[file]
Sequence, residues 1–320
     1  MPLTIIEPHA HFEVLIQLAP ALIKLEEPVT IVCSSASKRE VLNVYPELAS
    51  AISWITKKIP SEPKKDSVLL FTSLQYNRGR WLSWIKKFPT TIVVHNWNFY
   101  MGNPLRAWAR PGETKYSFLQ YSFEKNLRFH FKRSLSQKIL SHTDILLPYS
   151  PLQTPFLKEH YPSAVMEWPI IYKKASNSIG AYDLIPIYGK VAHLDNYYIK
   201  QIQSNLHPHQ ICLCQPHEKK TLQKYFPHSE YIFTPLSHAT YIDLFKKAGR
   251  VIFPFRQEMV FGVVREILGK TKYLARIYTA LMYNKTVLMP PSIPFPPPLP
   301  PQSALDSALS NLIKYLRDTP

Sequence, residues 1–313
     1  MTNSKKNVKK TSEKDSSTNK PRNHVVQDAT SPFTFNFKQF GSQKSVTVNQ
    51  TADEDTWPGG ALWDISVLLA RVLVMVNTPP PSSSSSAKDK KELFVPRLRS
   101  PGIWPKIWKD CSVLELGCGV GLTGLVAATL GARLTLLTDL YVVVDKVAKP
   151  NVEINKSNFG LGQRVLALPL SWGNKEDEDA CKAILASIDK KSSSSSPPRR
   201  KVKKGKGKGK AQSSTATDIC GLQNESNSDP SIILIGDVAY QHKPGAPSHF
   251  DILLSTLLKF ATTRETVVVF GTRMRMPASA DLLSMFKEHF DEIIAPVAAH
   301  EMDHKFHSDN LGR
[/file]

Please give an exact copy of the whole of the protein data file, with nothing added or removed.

Sequence, residues 1–320
     1  MPLTIIEPHA HFEVLIQLAP ALIKLEEPVT IVCSSASKRE VLNVYPELAS
    51  AISWITKKIP SEPKKDSVLL FTSLQYNRGR WLSWIKKFPT TIVVHNWNFY
   101  MGNPLRAWAR PGETKYSFLQ YSFEKNLRFH FKRSLSQKIL SHTDILLPYS
   151  PLQTPFLKEH YPSAVMEWPI IYKKASNSIG AYDLIPIYGK VAHLDNYYIK
   201  QIQSNLHPHQ ICLCQPHEKK TLQKYFPHSE YIFTPLSHAT YIDLFKKAGR
   251  VIFPFRQEMV FGVVREILGK TKYLARIYTA LMYNKTVLMP PSIPFPPPLP
   301  PQSALDSALS NLIKYLRDTP

Sequence, residues 1–313
     1  MTNSKKNVKK TSEKDSSTNK PRNHVVQDAT SPFTFNFKQF GSQKSVTVNQ
    51  TADEDTWPGG ALWDISVLLA RVLVMVNTPP PSSSSSAKDK KELFVPRLRS
   101  PGIWPKIWKD CSVLELGCGV GLTGLVAATL GARLTLLTDL YVVVDKVAKP
   151  NVEINKSNFG LGQRVLALPL SWGNKEDEDA CKAILASIDK KSSSSSPPRR
   201  KVKKGKGKGK AQSSTATDIC GLQNESNSDP SIILIGDVAY QHKPGAPSHF
   251  DILLSTLLKF ATTRETVVVF GTRMRMPASA DLLSMFKEHF DEIIAPVAAH
   301  EMDHKFHSDN LGR